I was reading the book Elements of the theory of functions and functional analysis (Volume 1) by Kolmogorov. More precisely, the part of compact sets in metric spaces:

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The underlined text is so confusig for me. First, we know that in $\mathbb{R}$ the compact sets are the closed and bounded sets (Heine-Borel), then, can be a set that is only bounded compact? I don't think so. I know that the definition that Kolomorov use is, really, the definition of sequentially compact, and I know that the compactness and the sequentially compactness are equivalent in metric spaces. Then, am I losing something of context in the book?

Moreover, the book says that an arbitrary subset of a compact set is compact, but, is it true? I know that $[0,1]\subseteq\mathbb{R}$ is compact but $\left\{\displaystyle\frac{1}{n}:n\in\mathbb{N} \right\}\subseteq[0,1]$ is not compact. Again, Kolmogorov use some definition that I don't have? Am I misunderstanding? I will be really grateful if someone can explain me this. I really appreciate any help you can provide me.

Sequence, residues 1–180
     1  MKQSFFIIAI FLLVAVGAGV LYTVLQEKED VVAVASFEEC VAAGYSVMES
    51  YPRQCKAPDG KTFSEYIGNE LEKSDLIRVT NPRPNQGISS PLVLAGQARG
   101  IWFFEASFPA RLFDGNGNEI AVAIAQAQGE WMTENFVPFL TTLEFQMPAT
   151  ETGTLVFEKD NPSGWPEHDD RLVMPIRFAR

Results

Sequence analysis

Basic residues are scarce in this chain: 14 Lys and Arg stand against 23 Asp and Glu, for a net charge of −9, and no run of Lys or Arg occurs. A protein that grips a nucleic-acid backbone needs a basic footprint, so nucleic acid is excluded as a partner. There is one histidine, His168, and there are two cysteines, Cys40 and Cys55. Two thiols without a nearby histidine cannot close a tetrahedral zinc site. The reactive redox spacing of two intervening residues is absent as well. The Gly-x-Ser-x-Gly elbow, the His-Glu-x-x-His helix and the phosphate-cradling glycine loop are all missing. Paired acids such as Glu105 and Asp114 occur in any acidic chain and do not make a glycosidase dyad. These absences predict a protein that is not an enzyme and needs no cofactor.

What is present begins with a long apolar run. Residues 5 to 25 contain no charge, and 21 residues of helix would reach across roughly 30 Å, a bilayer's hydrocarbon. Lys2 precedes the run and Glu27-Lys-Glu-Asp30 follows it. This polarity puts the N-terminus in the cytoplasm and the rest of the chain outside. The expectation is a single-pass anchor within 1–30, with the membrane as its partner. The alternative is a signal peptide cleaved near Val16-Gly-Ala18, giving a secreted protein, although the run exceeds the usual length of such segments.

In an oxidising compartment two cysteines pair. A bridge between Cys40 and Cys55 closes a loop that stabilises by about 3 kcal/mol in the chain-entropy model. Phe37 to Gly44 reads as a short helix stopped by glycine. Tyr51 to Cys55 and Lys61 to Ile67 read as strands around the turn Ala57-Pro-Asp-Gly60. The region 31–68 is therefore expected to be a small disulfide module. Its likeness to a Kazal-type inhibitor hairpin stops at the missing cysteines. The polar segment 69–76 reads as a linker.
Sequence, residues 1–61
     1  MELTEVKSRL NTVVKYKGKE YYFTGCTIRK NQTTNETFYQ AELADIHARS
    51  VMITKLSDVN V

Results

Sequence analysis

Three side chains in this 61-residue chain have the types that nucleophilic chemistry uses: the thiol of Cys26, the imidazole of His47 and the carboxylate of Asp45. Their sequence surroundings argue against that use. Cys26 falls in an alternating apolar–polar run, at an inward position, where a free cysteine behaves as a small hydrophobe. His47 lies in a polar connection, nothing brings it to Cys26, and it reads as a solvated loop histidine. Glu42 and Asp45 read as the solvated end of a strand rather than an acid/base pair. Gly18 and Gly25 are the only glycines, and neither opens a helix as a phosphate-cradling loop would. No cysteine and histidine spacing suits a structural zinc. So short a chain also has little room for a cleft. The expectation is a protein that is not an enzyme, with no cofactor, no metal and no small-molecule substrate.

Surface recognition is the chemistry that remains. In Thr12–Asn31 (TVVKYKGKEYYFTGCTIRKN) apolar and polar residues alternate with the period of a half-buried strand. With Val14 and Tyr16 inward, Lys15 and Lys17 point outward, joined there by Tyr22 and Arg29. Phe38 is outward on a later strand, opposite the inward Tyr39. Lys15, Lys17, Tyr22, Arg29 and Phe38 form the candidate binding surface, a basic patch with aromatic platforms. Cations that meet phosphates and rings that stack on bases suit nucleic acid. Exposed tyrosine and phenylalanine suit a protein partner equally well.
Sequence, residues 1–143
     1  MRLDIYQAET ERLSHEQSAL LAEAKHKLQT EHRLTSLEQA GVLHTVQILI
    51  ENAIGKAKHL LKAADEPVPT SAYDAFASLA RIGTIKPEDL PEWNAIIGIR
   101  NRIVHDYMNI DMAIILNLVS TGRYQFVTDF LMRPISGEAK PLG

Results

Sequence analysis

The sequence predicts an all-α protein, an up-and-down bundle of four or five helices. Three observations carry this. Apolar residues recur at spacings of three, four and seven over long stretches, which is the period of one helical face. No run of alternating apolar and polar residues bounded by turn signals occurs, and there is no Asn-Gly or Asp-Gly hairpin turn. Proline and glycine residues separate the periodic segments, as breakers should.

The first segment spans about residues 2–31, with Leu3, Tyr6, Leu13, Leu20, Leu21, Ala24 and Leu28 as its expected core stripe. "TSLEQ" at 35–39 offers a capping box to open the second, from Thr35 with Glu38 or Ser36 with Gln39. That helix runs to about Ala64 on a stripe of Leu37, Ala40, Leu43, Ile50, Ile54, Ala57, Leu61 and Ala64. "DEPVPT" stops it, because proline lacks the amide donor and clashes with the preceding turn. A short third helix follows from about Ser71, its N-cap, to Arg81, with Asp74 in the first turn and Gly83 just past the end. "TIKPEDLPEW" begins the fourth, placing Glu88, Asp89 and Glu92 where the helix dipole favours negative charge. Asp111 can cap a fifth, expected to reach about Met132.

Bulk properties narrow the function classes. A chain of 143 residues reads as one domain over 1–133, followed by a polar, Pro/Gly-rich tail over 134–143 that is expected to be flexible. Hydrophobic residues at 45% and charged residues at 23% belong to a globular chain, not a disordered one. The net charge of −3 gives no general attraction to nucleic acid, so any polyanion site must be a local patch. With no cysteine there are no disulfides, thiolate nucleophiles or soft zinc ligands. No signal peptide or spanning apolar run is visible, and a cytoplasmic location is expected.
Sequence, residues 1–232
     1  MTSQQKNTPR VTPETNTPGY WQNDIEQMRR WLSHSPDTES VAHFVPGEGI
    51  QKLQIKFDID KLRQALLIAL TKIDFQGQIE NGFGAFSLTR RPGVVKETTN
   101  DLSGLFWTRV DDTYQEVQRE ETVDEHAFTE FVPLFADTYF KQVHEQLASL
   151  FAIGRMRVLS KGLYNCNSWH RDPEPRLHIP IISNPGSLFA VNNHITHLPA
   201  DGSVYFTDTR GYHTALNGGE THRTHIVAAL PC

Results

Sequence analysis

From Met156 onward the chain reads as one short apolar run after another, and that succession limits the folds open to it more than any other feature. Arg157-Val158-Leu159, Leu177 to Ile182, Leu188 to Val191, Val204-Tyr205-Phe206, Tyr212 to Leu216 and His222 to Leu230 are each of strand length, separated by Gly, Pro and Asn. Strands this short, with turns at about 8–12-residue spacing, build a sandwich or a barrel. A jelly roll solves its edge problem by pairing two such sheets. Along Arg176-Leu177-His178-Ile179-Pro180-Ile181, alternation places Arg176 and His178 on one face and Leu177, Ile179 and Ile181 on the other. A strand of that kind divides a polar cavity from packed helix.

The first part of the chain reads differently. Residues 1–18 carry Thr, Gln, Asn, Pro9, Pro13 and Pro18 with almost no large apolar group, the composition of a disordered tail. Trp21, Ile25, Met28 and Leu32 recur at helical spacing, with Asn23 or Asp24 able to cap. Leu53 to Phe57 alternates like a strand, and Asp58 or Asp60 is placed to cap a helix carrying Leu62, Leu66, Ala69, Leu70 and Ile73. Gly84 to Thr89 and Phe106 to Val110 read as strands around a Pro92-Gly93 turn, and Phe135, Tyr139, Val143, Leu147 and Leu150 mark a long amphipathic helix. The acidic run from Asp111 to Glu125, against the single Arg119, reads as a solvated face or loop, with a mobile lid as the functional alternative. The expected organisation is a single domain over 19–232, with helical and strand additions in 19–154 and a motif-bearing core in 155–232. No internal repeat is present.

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    $\begingroup$ It looks to me that what Kolmogorov is calling "compact" is in fact what is now more commonly called "precompact" or "relatively compact", meaning that the closure is compact. $\endgroup$ Dec 29, 2017 at 0:30

1 Answer 1


No, it is not wrong. It is just outdated in terms of terminology used.

The definition given is for what one would nowadays probably call relatively sequentially compact. A set is relatively (sequentially) compact if its closure is (sequentially) compact. The way Kolmogorov defines compact sets, all these examples are correct. Note that under the definition given, the limit of the subsequence need not lie in the set itself. In the next section, Kolmogorov defines a compactum as what we nowadays would call a (sequentially) compact set.


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